But that story and sentimentality aside, I was disappointed. I read an NPR interview and couldn’t get this fast enough, sensing shades of Laurie Colwin. The more I read, I realized the anticipated magic wasn’t happening. I didn’t always connect with the voice, and I hate to say this because it shouldn’t be a factor, but as I felt happened somewhat here, I might be a tad older than the intended audience. This is a book to be read in your twenties if possible, and then as soon as possible. It’ll soothe your spirit and warm your heart when you need it.

With the recipes, I think my tastes are just different — she promises you’ll learn to love anchovies and sardines with these but I know myself too well and it’s not happening. If this particular door is still open for you, go forth bravely. They can be omitted from some of the recipes, as can olives, which I’m always dismayed to see are heavily involved in anything, but these omissions and all the other little adjustments I was mentally making mean that it’s kind of taking the heart out of much of it.

There’s an apology in the desserts section about not being big on sweets which I thought was taking the piss (am I using that right?) because there’s SO much sweet stuff in breakfasts and other non-dessert recipes, from amaretto in soup to pomegranate molasses in salad to blackberries on pizza (with tomato sauce, to my surprise). If these things sound good to you and match your general tastes, you’ll love this for the cooking alone; acquire immediately.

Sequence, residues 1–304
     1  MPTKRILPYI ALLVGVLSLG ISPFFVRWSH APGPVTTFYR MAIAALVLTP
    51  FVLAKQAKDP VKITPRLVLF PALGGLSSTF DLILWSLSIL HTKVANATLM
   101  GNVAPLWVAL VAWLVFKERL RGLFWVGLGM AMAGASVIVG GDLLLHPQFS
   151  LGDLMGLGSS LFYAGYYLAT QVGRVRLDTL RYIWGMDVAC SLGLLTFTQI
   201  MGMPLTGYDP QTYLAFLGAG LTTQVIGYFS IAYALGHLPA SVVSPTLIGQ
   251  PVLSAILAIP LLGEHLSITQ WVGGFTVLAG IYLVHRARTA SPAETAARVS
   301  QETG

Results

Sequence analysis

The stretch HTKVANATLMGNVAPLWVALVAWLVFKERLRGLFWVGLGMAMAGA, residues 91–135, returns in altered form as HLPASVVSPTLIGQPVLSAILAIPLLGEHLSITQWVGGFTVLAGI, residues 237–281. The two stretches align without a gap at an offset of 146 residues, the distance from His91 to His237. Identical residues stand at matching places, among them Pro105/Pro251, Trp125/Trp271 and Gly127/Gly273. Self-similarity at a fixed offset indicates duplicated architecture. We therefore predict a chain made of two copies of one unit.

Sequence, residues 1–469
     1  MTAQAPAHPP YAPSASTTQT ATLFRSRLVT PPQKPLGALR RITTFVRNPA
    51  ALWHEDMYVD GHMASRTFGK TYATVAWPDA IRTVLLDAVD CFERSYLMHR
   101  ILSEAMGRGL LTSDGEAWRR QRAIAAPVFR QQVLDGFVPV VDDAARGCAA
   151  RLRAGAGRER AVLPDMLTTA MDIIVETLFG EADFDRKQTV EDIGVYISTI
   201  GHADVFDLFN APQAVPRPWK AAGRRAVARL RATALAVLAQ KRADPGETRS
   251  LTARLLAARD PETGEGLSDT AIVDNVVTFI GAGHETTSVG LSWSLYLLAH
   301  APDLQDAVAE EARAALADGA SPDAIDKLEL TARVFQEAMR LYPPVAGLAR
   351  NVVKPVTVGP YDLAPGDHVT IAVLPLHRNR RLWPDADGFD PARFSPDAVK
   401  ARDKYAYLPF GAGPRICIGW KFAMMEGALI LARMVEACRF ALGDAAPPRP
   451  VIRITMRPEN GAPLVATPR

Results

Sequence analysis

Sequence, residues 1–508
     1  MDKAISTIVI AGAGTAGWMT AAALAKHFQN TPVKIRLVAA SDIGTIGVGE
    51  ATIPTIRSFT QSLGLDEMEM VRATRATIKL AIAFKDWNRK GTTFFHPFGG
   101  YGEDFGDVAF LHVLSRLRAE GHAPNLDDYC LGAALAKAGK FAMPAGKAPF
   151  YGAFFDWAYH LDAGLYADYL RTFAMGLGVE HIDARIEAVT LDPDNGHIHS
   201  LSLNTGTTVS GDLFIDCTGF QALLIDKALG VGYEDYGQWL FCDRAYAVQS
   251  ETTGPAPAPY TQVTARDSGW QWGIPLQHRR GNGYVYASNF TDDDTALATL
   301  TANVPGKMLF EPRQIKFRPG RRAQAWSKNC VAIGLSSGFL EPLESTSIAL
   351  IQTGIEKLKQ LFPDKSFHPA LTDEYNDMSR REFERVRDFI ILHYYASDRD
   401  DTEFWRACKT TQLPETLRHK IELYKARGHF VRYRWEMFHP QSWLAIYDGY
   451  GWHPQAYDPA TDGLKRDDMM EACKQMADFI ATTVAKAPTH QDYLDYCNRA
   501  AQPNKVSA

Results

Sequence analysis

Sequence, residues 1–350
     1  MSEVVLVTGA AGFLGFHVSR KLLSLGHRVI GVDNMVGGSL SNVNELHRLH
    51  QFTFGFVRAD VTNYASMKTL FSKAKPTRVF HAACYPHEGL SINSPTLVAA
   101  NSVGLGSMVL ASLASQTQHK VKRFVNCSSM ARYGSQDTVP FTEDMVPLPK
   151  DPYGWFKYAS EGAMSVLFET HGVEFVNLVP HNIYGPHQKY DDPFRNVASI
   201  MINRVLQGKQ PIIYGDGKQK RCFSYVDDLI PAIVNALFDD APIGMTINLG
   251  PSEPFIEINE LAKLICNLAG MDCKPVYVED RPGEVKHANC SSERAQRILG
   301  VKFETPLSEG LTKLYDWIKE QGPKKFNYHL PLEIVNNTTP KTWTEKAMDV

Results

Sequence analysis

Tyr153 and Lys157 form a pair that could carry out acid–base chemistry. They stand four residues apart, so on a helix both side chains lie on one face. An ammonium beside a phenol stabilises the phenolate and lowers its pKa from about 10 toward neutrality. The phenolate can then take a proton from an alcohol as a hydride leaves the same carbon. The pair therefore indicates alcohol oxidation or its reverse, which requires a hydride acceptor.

On the other hand, the Midnight Chicken recipe sounds amazing enough for me to attempt roasting a whole chicken for the first time, and some things like tomato garlic soup, “trashy ginger beer chicken”, soy-lime salmon and sticky rice, “uplifting chili and lemon spaghetti,” and green harissa sound fantastic. But it felt like wading through too much baking, breadmaking and sort of involved savory pastry-type things to get to the kind of dishes I actually like. Just personal preference — give the recipes a browse before you commit.

Artist Elisa Cunningham’s watercolors are perfect– cheerful, sunny, and appealing, and Risbridger’s spirit is really something. I loved the message of all these little, happy, reassuring moments you can create adding up to a life worth living. That was absolutely lovely and worthwhile and something I’ll be keeping in mind on bad days. Particularly from an emotional perspective, although also for its detailed but frequently joking kitchen instructions, it’s a book that’ll help a lot of people. 3/5